Atlanta City Councilmember Mary Norwood public accusations this week in a conservative-leaning political website that city government continually neglects Buckhead did not sit well with Mayor Andre Dickens’ office, which said her complaints “lacked context or accuracy.”
The spat spotlights again the movement by some in the North Atlanta community known for its luxury shopping and tony residential neighborhoods to break off from the city to form its own government. The movement was quashed this year by the General Assembly in part to give Dickens time as the new mayor to address crime.
Norwood previously served two terms on the City Council and lost two close mayoral elections — to Kasim Reed in 2009 and to Keisha Lance Bottoms in 2017. She was reelected to the represent District 8 on the council this year and represents much of western Buckhead.
She wrote a Sept. 13 opinion piece for the political news website Insider Advantage that said “Buckhead is not getting what we need and deserve.” The CEO of Insider Advantage is Phil Kent, a noted Republican commentator.
Norwood also said many people think the Buckhead cityhood movement is based solely on crime.
“But there is a great deal more to it than that,” she said. “It boils down to many years of Buckhead’s neglect by the city of Atlanta’s government.”
Norwood ticked off in her column a list of issues she said the city has failed to address over the years, including repairing streets damaged by commuter and truck traffic. She said her request months ago for a five-year capital plan for District 8 has been ignored.
Norwood also said Buckhead’s “traffic is suffocating” and her requests for funding to come up with a traffic plan have been turned down. Norwood also complained about some of the city’s proposed zoning regulations she said threatened single-family neighborhoods.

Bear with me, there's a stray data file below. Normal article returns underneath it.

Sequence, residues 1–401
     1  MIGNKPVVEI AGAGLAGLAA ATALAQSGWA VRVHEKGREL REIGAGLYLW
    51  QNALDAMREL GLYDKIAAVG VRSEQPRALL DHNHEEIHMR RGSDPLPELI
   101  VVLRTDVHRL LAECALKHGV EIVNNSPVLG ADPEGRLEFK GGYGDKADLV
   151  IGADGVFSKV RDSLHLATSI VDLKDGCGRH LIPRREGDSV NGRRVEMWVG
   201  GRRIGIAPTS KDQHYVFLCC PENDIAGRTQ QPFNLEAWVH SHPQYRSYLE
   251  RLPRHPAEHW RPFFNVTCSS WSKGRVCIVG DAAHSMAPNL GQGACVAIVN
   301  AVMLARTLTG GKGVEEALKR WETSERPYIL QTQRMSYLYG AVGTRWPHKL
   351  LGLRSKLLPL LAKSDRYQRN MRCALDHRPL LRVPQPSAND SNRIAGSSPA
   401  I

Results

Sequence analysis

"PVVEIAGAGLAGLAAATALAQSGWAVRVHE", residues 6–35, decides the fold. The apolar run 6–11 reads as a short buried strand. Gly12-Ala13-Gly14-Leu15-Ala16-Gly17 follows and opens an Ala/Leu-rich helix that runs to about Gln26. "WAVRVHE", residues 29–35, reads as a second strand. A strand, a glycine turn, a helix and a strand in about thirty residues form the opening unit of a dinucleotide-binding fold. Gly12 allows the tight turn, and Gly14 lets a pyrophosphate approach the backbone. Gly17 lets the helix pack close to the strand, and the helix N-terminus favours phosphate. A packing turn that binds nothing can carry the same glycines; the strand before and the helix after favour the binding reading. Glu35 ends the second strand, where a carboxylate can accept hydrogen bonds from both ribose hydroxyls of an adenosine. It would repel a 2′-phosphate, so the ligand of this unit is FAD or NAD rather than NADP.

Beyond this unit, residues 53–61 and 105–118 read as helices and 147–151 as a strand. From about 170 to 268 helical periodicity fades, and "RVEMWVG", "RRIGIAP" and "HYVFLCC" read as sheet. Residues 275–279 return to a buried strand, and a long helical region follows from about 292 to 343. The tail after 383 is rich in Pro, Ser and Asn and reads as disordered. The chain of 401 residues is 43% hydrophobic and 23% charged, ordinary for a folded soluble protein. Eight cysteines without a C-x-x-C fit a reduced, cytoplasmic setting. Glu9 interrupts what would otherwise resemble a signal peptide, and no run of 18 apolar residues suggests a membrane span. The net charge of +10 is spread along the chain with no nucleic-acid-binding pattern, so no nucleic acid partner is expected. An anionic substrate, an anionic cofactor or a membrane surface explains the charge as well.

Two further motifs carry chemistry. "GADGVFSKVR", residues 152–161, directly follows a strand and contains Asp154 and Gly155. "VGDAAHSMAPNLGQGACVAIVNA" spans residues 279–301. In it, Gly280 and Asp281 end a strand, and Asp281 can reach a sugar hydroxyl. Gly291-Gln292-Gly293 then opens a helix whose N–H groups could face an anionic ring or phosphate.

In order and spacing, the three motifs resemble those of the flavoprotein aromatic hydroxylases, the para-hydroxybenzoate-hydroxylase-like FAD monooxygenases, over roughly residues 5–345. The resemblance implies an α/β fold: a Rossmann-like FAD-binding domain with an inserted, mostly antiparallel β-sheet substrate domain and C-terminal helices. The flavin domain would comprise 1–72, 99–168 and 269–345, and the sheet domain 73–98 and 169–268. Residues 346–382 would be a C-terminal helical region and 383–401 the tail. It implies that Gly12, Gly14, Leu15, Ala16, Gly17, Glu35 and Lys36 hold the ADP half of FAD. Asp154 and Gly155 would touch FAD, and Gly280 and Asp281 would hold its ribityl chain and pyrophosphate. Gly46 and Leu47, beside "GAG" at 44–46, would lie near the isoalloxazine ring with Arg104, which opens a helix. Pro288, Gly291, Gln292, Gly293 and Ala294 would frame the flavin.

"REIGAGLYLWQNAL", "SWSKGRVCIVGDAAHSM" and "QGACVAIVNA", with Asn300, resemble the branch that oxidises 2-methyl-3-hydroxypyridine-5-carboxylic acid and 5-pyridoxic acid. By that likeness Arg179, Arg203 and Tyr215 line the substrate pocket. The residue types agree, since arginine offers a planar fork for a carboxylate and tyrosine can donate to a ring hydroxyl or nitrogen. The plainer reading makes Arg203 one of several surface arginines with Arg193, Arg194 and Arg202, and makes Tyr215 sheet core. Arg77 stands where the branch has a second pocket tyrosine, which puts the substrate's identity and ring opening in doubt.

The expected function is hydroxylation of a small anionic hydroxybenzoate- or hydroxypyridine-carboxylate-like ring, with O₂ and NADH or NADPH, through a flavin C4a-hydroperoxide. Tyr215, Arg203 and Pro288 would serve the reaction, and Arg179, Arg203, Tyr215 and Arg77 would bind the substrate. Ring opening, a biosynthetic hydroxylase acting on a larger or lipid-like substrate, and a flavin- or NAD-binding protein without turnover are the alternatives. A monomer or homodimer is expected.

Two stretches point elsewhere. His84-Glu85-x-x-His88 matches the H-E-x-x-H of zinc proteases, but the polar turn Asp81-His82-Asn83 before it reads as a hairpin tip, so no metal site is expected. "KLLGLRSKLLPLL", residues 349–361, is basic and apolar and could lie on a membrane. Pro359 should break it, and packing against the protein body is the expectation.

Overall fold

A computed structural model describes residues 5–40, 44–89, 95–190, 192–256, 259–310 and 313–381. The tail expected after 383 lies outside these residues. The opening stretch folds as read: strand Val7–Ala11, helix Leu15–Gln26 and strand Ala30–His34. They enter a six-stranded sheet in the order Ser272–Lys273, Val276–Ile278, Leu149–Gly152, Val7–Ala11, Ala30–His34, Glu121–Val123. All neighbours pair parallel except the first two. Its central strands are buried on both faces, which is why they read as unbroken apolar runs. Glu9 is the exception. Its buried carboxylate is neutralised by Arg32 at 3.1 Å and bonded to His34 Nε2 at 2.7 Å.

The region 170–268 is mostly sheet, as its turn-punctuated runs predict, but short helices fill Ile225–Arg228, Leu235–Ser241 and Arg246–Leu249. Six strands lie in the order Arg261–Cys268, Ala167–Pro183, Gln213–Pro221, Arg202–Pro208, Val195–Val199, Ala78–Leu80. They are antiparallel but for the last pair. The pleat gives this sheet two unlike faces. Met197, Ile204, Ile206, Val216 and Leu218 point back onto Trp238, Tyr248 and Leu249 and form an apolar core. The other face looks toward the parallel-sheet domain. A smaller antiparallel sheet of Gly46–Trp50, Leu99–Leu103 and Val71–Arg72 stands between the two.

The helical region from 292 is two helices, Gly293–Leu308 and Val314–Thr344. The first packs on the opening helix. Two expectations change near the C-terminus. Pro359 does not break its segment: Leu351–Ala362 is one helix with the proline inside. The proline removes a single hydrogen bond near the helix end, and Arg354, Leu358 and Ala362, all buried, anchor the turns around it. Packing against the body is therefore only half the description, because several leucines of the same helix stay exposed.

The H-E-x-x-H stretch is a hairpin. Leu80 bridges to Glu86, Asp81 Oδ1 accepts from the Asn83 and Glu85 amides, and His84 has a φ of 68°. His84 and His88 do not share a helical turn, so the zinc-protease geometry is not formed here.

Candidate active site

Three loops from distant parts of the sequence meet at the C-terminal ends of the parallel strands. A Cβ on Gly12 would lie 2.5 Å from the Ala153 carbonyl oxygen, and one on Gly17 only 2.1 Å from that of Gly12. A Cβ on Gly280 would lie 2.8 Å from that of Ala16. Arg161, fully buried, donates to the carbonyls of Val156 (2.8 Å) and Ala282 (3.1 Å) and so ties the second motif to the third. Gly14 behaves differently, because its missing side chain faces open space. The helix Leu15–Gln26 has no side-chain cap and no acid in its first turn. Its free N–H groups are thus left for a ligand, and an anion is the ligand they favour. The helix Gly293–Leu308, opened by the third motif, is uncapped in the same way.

“If the Atlanta government wants to forestall the creation of a separate city, it should focus on the same thing that I, as a City Council member, am focused on: the delivery of services to my constituents,” Norwood said. “The concerns I have been hearing throughout my district, and that I am expressing here, should be taken very seriously by our Atlanta City Government. Time is of the essence.”
Norwood did not name Dickens or any other government officials in her column. But on the same day Norwood’s column was published, Chief Operating Officer Lisa Gordon, a member of Dickens’ cabinet, sent Norwood a 5-page letter disputing her claims. Atlanta Intown and Reporter Newspapers obtained a copy of the letter. The letter was first published by the Atlanta Journal-Constitution.
“I read your article, ‘Atlanta’s Buckhead— not getting services it needs,’ … in which you raise concerns about City services in District 8,” Gordon said in the letter. “As the City’s Chief Operating Officer, I oversee the areas you identified in this article and I am taking the opportunity to shed light on several of the specific items you highlighted which lacked context or accuracy.”
Gordon said she met with Norwood on Sept. 7 to discuss traffic concerns in Buckhead and agreed to respond to her by Sept. 16.
“I regret that you did not share these other concerns at that time before publishing this article,” Gordon said.
Norwood’s request for the administration to come up with a District 8 capital plan would be a “formula for inequity, both at Council among members and for residents across the city,” Gordon said, because the city historically develops capital plans for the entire city and not specific neighborhoods or council districts.
Funding is being prioritized to resurface streets in Buckhead, including Blackland and Putnam roads and sections of Tuxedo Park, Weyman Court, Nacoochee Drive and Hawick Drive, Gordon said. A plan to resurface West Paces Ferry Road is underway. Another $3.9 million is going toward PATH400 investments.
Gordon also highlighted the city’s investments in public safety in Buckhead, including opening a mini-precinct in Buckhead Village, and its support of Norwood’s Buckhead Public Safety Task Force. Gordon said crime in Zone 2, which includes Buckhead, is down 10% compared to this time last year.
“The Mayor remains committed to serving the needs of all of Atlanta’s residents, visitors and businesses,” Gordon said.
“He will continue to be the city’s loudest and most forceful champion in ensuring we remain one city, in opposition to efforts to de-annex any part of Atlanta. Breaking up our city would be a travesty for everyone,” Gordon said. “It is far better for us to work together during challenging times. That is what made Atlanta—and the special community of Buckhead—great.”
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